Friday, February 25, 2005

What's in a name

My one stalk of corn is as high as a (baby) elephant's eye, and a few little ears are taking shape. I attend its development religiously.

Corn was domesticated in Mexico almost ten thousand years ago, from a large grass of the open woodlands called teosinte. The plant is called maize everywhere except the US, from the name used in the West Indies at the time of Columbus. I have an urge to give my corn plant its own name, but what? We have no tradition of naming individual plants, not even domesticated plants, not in the way we name domesticated animals. Fido doesn't quite work for corn.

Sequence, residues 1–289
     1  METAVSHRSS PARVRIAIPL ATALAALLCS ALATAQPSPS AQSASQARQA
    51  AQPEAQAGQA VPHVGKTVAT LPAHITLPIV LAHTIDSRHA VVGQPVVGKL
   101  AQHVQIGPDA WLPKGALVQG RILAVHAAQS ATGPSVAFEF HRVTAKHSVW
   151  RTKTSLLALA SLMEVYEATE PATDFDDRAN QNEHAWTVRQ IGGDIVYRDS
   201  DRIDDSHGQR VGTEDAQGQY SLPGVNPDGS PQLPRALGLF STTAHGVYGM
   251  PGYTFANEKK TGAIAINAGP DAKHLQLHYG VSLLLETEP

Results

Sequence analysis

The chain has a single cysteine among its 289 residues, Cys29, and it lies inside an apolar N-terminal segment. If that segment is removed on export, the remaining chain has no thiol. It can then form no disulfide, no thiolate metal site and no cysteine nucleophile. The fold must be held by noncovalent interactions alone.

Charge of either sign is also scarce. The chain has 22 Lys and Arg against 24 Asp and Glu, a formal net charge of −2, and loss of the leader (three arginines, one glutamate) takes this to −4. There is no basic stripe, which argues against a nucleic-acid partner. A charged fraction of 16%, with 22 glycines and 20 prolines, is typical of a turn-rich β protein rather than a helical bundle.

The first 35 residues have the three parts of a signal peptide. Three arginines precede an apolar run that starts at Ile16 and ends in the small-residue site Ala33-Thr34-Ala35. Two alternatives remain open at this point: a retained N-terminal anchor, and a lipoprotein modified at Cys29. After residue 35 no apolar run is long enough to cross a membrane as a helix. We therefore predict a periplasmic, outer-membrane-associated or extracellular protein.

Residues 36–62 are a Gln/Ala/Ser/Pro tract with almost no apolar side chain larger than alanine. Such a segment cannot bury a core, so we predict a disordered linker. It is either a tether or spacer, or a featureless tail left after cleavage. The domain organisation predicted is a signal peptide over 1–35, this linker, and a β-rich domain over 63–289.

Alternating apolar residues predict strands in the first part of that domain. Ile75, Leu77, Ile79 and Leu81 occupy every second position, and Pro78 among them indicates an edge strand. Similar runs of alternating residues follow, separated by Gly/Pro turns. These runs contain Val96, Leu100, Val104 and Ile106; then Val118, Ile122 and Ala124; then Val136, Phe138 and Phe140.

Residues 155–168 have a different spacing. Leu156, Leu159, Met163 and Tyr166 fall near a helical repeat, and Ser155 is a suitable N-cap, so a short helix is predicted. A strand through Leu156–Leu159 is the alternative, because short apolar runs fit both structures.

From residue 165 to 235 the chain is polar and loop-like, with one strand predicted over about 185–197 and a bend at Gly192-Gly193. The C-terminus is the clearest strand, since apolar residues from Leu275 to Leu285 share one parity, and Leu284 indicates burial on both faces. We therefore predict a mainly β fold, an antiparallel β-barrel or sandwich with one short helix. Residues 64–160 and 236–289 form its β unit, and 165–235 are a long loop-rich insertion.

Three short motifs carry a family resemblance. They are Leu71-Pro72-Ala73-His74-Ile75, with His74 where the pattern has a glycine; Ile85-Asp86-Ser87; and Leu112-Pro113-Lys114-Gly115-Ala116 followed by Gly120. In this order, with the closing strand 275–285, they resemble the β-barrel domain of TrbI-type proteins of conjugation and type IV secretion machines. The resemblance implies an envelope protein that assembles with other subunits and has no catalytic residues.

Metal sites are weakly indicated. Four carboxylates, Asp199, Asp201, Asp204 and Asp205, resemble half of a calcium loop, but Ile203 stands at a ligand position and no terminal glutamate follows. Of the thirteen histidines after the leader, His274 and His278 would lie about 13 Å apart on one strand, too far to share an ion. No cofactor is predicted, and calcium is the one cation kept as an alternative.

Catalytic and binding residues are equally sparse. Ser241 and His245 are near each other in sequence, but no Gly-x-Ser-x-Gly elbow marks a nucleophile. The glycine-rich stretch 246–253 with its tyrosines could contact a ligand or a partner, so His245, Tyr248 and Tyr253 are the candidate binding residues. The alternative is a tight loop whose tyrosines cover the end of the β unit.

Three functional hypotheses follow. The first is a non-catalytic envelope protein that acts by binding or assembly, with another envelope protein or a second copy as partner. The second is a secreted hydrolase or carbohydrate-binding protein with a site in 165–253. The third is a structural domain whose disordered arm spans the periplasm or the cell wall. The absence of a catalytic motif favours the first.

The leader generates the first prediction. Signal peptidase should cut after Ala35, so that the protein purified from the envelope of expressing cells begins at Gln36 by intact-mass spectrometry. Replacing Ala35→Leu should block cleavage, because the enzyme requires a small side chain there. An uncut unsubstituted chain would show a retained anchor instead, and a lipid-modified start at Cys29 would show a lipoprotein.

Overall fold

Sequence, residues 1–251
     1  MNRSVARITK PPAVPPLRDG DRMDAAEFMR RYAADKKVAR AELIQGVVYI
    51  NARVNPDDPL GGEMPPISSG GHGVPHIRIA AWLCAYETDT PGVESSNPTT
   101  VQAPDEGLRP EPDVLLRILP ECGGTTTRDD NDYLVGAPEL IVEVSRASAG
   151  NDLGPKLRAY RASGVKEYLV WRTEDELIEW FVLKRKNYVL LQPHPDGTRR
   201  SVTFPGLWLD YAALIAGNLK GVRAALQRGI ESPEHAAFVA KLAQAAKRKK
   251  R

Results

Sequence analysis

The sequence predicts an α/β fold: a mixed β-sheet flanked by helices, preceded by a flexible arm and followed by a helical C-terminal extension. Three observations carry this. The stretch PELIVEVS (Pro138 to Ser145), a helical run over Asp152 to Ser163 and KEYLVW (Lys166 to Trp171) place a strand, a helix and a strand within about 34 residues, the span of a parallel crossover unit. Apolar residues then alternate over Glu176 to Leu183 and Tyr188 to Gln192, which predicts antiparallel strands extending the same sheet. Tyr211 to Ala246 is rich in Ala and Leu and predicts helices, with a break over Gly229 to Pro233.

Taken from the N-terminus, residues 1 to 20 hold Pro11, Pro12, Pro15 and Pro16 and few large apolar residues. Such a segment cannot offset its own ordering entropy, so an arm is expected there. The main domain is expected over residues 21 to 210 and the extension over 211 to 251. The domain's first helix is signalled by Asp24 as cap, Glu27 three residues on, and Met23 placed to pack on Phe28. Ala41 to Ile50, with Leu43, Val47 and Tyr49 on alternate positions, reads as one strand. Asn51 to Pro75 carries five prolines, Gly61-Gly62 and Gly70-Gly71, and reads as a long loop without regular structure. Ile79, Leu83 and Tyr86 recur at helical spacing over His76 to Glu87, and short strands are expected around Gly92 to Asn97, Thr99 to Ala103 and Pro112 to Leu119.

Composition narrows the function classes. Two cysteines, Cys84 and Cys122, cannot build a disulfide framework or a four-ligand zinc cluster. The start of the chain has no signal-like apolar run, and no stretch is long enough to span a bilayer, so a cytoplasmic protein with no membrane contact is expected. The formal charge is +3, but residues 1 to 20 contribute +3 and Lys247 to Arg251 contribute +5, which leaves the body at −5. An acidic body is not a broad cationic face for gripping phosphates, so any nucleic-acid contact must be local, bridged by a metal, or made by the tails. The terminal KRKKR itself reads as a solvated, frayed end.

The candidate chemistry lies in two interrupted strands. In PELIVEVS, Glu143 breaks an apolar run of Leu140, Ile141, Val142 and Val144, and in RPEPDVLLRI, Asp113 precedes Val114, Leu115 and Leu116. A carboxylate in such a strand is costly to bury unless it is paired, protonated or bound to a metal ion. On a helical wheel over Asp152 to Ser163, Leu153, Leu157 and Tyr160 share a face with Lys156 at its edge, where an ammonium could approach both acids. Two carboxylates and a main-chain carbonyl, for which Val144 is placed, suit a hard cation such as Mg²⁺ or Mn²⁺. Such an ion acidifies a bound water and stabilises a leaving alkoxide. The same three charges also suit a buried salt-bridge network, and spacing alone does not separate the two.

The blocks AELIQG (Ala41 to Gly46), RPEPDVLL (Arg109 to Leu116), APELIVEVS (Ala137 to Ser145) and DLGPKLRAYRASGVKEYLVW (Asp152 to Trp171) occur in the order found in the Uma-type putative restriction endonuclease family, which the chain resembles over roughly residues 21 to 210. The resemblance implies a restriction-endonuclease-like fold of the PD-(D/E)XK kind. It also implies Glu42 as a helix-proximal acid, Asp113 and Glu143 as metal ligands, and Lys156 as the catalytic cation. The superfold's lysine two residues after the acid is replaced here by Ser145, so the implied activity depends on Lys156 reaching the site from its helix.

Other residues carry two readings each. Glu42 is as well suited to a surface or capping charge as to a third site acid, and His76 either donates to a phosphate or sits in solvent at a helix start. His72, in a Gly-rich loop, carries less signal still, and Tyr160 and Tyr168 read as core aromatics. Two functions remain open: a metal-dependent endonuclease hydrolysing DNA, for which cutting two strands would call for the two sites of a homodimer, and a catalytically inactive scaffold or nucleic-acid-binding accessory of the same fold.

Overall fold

Biologically, I am kingdom Animalia, phylum Chordata, class Mammalia, order Primates, family Hominidae, genus Homo, species H. sapiens, to which I eagerly assert my individuality by adding surname Raymo, given name Chet. Corn is Plantae, Anthophyta, Monocotyledonae, Commelinales, Poaceae, Zea, Z. mays, and that's the end of the line. One corn plant is the same as any other.

Here in the Bahamas they take naming seriously. Start with a bunch of syllables -- for "girlbabies," la, de, kera, meka, nique, tika, neisha, essa, and so on -- and combine them in any order. Thus: Dekera, Laneisha, Shakera, Shaquania, ad infinitum, biological nomenclature as various as the individual DNA.